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Mol Biol Cell. 2018 Jan 15;29(2):154-165. doi: 10.1091/mbc.E17-06-0429. Epub 2017 Nov 22.

Tau can switch microtubule network organizations: from random networks to dynamic and stable bundles.

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Inserm, U1216, Université Grenoble Alpes.
Grenoble Institut des Neurosciences, Université Grenoble Alpes.
Centre National de la Recherche Scientifique, Grenoble Institut des Neurosci ences, Institut de Biosciences et Biotechnologies de Grenoble, F-38000 Grenoble, France.
Commissariat à l'Energie Atomique et aux Energies Alternatives, Institut de Biosciences et Biotechnologies de Grenoble, F-38000 Grenoble, France.
Inserm, U1216, Université Grenoble Alpes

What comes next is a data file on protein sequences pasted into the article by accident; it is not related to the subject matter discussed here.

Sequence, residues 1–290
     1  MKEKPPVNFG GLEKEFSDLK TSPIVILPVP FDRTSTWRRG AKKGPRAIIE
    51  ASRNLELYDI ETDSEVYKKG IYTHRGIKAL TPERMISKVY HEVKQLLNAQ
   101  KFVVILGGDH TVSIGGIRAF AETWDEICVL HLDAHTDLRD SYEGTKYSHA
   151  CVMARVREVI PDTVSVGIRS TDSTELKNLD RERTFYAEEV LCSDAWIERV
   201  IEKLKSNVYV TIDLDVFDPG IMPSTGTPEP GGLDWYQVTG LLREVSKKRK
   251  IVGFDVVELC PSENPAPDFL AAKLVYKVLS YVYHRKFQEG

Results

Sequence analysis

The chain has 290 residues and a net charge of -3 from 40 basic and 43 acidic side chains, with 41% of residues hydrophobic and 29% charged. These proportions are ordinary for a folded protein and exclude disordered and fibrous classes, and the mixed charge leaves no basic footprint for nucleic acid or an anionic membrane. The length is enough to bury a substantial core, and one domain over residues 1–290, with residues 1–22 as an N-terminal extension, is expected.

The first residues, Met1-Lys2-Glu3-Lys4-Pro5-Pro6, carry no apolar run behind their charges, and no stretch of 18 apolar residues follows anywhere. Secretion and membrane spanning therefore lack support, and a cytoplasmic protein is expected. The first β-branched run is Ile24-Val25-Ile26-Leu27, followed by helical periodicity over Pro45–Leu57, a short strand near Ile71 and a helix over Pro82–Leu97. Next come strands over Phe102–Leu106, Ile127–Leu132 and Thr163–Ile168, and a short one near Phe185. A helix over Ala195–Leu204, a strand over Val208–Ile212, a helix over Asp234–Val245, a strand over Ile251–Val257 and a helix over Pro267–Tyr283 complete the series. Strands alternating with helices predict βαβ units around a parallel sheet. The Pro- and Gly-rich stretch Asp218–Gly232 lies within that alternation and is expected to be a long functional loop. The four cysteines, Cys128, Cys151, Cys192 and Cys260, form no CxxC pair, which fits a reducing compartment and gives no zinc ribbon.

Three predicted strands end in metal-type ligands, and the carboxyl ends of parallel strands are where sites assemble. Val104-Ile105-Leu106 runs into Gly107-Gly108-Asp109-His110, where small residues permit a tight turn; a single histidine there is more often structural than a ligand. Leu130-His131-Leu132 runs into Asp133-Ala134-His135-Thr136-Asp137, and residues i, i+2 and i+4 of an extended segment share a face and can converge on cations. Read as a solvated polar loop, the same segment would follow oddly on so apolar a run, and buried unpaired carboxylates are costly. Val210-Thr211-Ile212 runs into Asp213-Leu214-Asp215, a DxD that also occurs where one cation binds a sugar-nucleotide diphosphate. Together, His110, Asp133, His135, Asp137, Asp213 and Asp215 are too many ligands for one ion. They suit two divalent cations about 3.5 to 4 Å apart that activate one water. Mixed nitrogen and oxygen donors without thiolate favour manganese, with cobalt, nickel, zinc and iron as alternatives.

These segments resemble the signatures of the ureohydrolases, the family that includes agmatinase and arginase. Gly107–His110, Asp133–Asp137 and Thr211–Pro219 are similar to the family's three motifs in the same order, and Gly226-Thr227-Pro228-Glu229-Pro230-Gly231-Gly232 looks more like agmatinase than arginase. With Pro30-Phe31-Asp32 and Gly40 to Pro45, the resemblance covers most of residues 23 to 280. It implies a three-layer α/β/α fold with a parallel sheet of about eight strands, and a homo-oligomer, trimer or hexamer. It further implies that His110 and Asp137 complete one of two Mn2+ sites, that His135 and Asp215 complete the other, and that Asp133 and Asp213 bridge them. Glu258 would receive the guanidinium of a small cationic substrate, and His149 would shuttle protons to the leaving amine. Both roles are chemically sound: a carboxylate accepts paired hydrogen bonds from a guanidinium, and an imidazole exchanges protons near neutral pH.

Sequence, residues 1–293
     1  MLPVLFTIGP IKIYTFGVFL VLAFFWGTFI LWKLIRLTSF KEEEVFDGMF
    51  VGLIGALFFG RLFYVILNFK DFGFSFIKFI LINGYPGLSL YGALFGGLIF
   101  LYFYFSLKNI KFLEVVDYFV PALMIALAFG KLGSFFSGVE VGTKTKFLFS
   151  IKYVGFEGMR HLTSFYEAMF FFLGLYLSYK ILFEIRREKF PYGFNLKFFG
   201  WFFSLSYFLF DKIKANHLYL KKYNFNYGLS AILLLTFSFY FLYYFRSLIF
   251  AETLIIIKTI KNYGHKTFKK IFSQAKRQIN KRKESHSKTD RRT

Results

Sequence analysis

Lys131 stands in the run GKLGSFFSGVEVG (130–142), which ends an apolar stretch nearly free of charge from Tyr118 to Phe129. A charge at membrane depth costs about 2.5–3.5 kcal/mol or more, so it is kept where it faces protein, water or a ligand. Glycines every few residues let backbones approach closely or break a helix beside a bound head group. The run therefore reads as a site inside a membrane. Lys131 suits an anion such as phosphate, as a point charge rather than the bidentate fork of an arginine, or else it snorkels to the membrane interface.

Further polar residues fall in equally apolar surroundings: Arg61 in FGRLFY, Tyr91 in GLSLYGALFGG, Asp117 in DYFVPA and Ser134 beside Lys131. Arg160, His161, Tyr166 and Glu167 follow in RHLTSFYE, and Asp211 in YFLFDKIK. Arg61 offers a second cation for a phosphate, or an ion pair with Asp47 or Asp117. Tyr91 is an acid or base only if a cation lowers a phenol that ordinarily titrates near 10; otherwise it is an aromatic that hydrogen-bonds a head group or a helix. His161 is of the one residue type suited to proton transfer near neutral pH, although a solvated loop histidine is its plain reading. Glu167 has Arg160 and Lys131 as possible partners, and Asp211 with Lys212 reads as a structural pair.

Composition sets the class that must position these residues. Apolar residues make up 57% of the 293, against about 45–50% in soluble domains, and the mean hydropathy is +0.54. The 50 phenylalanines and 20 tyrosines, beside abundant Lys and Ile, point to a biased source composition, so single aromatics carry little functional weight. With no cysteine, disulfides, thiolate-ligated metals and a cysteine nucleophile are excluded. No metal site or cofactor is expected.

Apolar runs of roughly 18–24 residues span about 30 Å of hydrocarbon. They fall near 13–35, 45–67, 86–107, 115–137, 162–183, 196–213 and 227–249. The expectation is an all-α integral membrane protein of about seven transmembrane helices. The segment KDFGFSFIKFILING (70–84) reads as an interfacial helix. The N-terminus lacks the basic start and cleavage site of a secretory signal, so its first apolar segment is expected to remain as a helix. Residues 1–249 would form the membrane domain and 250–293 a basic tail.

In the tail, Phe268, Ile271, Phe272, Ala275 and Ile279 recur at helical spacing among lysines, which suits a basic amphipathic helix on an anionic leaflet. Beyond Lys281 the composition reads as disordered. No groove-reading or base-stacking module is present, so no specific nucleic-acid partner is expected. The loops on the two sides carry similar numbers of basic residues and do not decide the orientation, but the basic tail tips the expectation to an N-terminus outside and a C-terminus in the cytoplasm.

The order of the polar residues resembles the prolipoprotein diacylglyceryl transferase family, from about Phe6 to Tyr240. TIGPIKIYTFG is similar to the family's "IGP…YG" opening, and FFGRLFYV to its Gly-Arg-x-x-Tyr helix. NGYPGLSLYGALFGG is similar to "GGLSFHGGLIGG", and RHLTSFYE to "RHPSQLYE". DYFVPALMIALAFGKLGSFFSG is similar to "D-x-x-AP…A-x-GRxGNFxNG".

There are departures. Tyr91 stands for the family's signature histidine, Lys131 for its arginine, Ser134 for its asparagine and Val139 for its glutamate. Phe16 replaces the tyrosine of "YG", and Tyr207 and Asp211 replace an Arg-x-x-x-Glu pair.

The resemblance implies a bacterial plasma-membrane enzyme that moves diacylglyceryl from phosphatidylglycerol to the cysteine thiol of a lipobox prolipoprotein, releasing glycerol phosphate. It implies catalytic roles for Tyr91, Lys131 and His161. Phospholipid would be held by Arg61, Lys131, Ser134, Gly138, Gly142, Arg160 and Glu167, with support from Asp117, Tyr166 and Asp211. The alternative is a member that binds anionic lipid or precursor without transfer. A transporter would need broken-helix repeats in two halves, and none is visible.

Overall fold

In neurons, microtubule networks alternate between single filaments and bundled arrays under the influence of effectors controlling their dynamics and organization. Tau is a microtubule bundler that stabilizes microtubules by stimulating growth and inhibiting shrinkage. The mechanisms by which tau organizes microtubule networks remain poorly understood. Here, we studied the self-organization of microtubules growing in the presence of tau isoforms and mutants. The results show that tau's ability to induce stable microtubule bundles requires two hexapeptides located in its microtubule-binding domain and is modulated by its projection domain. Site-specific pseudophosphorylation of tau promotes distinct microtubule organizations: stable single microtubules, stable bundles, or dynamic bundles. Disease-related tau mutations increase the formation of highly dynamic bundles. Finally, cryo-electron microscopy experiments indicate that tau and its variants similarly change the microtubule lattice structure by increasing both the protofilament number and lattice defects. Overall, our results uncover novel phosphodependent mechanisms governing tau's ability to trigger microtubule organization and reveal that disease-related modifications of tau promote specific microtubule organizations that may have a deleterious impact during neurodegeneration.

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